At the first stage of the analysis (univariate screening), a stringent Bonferroni correction was applied. As we excluded from the analyses alleles showing a low frequency below 3% in the three samples (ALT, HIC and PRIMO), we performed 17 tests for HLA-B and 12 tests for HLA-C. We then considered the associations showing a P-value lower than 0.0017 significant. As haplotype and multivariate analysis were carried on selected alleles, we used the usual P less than 0.05 threshold.
HLA-B-C Haplotypes were analyzed using the ‘haplo.glm’ function from the ‘Haplo Stats’ R package. The ‘haplo.glm’ function is based on an iterative two-step EM, with the prosterior probabilities of pair of haplotypes per patient used as weights to update the regression coefficients, and the regression coefficients used to update the posterior probabilities . Here, we present haplotypes comprising alleles that were found to be significantly associated with the Extreme status or with at least one of the quantitative phenotypes, and considered all others alleles referred as “BXX” or “CwXX”.
Linkage disequilibrium analysis
The linkage disequilibrium between HLA-B and –C alleles was assessed by the mean of pairwise r 2 and D’, calculated according to the haplotype frequencies obtained from the EM algorithm previously described.
Long-term nonprogressors and HIV controllers versus seroconverters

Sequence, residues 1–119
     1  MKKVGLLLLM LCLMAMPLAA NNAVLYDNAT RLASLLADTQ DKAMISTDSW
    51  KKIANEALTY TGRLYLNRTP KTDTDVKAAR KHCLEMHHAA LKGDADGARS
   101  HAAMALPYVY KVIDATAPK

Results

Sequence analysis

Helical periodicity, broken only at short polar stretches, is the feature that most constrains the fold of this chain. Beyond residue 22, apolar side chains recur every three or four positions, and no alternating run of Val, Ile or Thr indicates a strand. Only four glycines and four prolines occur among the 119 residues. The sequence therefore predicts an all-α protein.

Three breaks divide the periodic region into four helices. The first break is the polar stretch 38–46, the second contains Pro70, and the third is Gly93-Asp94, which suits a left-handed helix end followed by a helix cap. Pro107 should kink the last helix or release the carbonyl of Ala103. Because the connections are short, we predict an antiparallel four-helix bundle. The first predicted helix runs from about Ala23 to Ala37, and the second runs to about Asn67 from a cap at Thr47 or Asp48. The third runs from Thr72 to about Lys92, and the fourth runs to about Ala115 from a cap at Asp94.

We first compared HLA-B and HLA-C allele frequencies in the Extreme group of patients to the seroconverters from the PRIMO cohort. In the univariate analysis, HLA-B alleles significantly (P Bonferroni < 0.0017) associated with the Extreme status were B*57, B*27, and B*14 (Table 1). The B*35 allele was conversely under-represented among Extreme (7.4%) compared with PRIMO patients (21%). Among HLA-C alleles, those that passed the Bonferroni threshold were C*06, C*08 and C*14, with increased frequencies in the Extreme compared with PRIMO patients.
We studied all linkage disequilibriums between each allele significantly associated with the Extreme phenotype in the univariate analysis and any other alleles (Table S3, http://links.lww.com/QAD/A329). Altogether, seven noticeable linkage disequilibrium (D′ > 0.3 and r 2 > 0.1) measures were identified: B*14-C*08; B*57-C*06; B*27 and C*01; B*27 and C*02; B*35 and C*04; B*13 and C*06; and B*51 and C*14.
A multivariate analysis was set up to identify the independent protective markers from the haplotypes identified by linkage disequilibrium. These independent protective alleles were B*57 (ORextreme = 18.55), C*14 (ORextreme = 6.03) B*14 – or C*08 – (ORextreme = 5.27), B*27 (ORextreme = 4.54), B*13 (ORextreme = 7.66) (Table 1). We also identified B*35 allele as deleterious, although adjusted association did not reach statistical significance. Inclusion of additional alleles one after each other in the previous model did not influence these associations.
Altogether, the multivariate model was able to eliminate alleles with a mild effect (B*35) or in linkage disequilibrium with protective alleles (C*06).
Similar results were observed when the analysis was restricted to patients infected through sexual route only (706 seroconvertors versus 67 from the “Extreme” group) (not shown).